Hello fellow students and explorers!
My name is Ian and I am sooo excited and honored to be joining you all on this adventure. I grew up in Freeport, Maine with a brook and a walk in the woods at the end of the lane. I now live on the other side of the continent in Portland, OR, where I’ve made home-base for the last 7 some years. In sitting down to write this introductory letter to you all, I find myself with some resistance to narrativizing my life in a few strokes. My life feels like it has organized itself as a quilt-work of distinct experiences with the consistent thread uniting them being curiosity and thirst for human connection.
The quilt patch I’m presently tying off has been working through AmeriCorps doing parent and student engagement in a public elementary school in a low-income neighborhood in Portland. This has meant teaching after school courses for kids as well as coordinating adult classes and parent leadership opportunities. It has meant diving headlong into realities of deep-set racial inequity in our public institutions and exploring practices for decolonizing how we teach, learn, and share with each other. The work has challenged me to further examine my social positioning and how the same spheres of privilege that insulate my experience have spelled oppression for many others. I write this because I believe the responsibilities of global citizenship do not begin at some distant frontier but rather right outside our front doors.
China and Chinese culture has figured a large part in my life since I started studying Mandarin in my freshman year at Reed College. Aside from curiosity to dig deeper into a cultural fabric that produced or curated Daoist and Buddhist texts that drew me in, I was attracted by the economy of signification in the language and literature, and humble beauty in the Chinese interdependent sense of self. Midway through college I took a year out to study Chinese in Taiwan where while taking intensive Mandarin courses at ICLP (International Chinese Language Program) I began studying Tai Chi with a group there. Tai Chi has subsequently become a very important personal self-care practice for me; it is an art I would be thrilled to share with you all. In my senior year of college my studies turned to contemporary Chinese media and I wrote my thesis on social activism in independent Chinese documentary film. I won a scholarship that year to travel to Beijing over winter break to study with a Tai Chi master there and create a short documentary film exploring that process.
This will be my first course with Dragons, and my first time in Southwestern China; and I’m thrilled that I will get to share it with you. I’m honored to be joining Long Yun and Madeleine, whose extensive local experience, expertise and commitment to this work will make this a tremendous course.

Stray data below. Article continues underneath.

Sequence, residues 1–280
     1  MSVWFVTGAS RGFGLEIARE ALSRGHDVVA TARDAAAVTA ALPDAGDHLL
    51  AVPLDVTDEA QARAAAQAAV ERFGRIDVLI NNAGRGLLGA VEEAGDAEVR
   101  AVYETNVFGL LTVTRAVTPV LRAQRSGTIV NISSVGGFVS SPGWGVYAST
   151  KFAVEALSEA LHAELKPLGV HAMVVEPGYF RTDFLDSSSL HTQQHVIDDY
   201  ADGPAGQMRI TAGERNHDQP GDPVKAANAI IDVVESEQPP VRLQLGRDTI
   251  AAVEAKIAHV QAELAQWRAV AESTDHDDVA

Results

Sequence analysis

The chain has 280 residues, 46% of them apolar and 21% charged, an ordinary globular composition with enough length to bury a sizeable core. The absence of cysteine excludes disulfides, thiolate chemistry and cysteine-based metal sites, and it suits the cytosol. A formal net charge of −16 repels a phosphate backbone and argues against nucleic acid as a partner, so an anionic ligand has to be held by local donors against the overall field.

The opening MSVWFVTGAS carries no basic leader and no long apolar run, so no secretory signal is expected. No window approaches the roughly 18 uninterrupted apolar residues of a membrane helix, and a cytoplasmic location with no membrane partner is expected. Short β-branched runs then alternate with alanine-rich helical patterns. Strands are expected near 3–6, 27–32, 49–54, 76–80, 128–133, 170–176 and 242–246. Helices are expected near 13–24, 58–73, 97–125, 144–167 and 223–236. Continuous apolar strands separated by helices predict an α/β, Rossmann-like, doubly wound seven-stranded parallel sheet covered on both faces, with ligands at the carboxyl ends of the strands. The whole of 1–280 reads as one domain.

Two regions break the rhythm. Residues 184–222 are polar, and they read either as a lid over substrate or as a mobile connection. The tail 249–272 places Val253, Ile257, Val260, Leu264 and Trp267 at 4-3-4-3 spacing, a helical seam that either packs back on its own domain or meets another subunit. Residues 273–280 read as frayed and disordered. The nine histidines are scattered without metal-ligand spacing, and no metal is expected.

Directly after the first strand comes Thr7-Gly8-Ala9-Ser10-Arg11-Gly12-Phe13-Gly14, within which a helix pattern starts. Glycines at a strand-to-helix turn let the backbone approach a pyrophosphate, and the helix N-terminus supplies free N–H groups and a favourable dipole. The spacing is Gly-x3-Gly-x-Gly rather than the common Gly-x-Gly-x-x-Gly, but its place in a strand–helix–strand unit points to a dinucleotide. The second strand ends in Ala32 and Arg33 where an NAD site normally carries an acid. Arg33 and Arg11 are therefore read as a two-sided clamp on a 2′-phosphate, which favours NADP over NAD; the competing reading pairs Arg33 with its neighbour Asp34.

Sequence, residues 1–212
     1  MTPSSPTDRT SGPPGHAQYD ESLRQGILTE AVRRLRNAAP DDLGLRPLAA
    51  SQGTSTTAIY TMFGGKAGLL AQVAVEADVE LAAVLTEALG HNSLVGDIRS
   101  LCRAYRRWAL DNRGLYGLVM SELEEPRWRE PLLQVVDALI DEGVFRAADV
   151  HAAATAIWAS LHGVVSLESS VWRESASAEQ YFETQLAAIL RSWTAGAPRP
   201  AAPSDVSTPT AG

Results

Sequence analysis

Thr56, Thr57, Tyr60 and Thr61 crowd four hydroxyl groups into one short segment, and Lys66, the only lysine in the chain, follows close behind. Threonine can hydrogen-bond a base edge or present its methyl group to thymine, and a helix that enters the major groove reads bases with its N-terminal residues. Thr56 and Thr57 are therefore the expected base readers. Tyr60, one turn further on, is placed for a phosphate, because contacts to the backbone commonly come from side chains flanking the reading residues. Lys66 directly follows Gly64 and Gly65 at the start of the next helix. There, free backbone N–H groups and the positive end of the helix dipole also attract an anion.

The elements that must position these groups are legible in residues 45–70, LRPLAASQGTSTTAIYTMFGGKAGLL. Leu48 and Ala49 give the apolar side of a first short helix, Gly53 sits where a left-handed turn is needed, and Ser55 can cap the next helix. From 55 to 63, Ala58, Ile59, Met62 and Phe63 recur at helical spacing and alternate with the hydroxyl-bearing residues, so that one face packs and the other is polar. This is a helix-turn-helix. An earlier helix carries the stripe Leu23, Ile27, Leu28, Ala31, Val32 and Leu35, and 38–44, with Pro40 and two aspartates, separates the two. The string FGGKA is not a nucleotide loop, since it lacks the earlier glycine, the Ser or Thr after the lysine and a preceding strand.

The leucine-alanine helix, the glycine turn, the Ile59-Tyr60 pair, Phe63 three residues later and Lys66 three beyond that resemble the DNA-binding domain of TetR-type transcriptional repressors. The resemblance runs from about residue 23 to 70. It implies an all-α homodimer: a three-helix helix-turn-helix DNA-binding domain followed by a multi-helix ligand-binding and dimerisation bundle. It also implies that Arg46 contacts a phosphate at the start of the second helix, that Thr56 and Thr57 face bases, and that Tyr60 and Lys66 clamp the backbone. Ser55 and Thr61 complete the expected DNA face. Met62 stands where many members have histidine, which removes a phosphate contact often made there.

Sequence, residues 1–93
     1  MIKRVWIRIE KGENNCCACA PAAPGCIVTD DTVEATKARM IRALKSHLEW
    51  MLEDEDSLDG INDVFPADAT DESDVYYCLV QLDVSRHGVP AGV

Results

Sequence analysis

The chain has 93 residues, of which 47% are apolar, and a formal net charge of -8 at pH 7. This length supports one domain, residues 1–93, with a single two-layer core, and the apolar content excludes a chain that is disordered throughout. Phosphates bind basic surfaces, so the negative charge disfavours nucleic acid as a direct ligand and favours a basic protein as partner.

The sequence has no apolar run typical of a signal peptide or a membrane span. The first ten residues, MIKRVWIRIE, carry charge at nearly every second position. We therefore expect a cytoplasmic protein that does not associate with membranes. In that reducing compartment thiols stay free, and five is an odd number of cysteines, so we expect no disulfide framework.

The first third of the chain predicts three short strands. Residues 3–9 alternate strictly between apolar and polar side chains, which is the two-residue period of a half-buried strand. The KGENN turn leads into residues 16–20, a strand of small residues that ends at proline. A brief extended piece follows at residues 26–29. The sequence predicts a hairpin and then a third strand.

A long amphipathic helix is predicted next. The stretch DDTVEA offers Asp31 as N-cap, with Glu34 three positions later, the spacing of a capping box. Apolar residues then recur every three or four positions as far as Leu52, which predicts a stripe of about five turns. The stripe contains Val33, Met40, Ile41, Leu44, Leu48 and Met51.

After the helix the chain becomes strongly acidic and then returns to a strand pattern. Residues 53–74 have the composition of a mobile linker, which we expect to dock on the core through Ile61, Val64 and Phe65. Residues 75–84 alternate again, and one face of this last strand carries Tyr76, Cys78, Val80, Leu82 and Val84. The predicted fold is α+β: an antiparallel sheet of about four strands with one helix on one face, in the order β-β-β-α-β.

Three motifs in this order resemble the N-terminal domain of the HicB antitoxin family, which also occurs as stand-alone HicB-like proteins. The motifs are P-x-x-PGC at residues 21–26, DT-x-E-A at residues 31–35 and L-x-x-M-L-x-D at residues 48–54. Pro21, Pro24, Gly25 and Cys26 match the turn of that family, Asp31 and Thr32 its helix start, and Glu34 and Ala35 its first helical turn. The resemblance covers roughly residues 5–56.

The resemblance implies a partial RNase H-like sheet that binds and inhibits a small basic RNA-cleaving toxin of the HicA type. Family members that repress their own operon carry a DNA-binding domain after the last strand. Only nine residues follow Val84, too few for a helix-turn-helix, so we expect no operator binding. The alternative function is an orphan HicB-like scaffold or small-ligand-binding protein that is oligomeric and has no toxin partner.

I, like you, had the amazing opportunity to do a leadership course abroad when I was 18 and fresh out of high school. I took a semester course with NOLS in the New Zealand back-country and that decision refined to a significant extent my core values and opened pathways I may have never otherwise known. It equipped me to wear many hats, including those of a seasonal sea kayak expedition guide, trail maintenance crew leader, and TEFL educator. That is to say, I’ve been in your shoes; waiting anxiously and for the course to begin. I am extremely excited and glad for you all because I know the transformative value of getting out of our comfortable domestic ruts to lean boldly into the unknown.
I should make clear to you all at the outset that I consider one the underlying mission of my job this summer to make sure that you all stay safe and uncomfortable. Safeness is the space of support, community, and co-leadership that we will be cultivating in the group. Uncomfortability is challenging you each individually and as a team to push your boundaries of comfort; to see, feel, and try on new ways of being that are foreign to you.
Cross-cultural exchange and understanding is one of the core missions of Dragons, and is one of my most fundamental values. It challenges us to discover ourselves in all the exhilaration, doubt, joy, and uncertainty of being in unfamiliar territory. We will not be old school anthropologists taking those we encounter as objects of study, we are rather the very objects of our investigation. It is only in willful, humble and brave immersion in a culture foreign to your own that you come to understand yourself, and the unspeakably thin membrane that separates you from every other living thing.
I feel sincerely grateful for the opportunity to embark on this consciousness-expanding journey with you all. Please bring your questions, trepidations and musings to the Yak Board. And if you have anything you would like to correspond personally about, please do not hesitate to contact me at my personal email: [email protected]
Looking forward to learning from and growing with you all!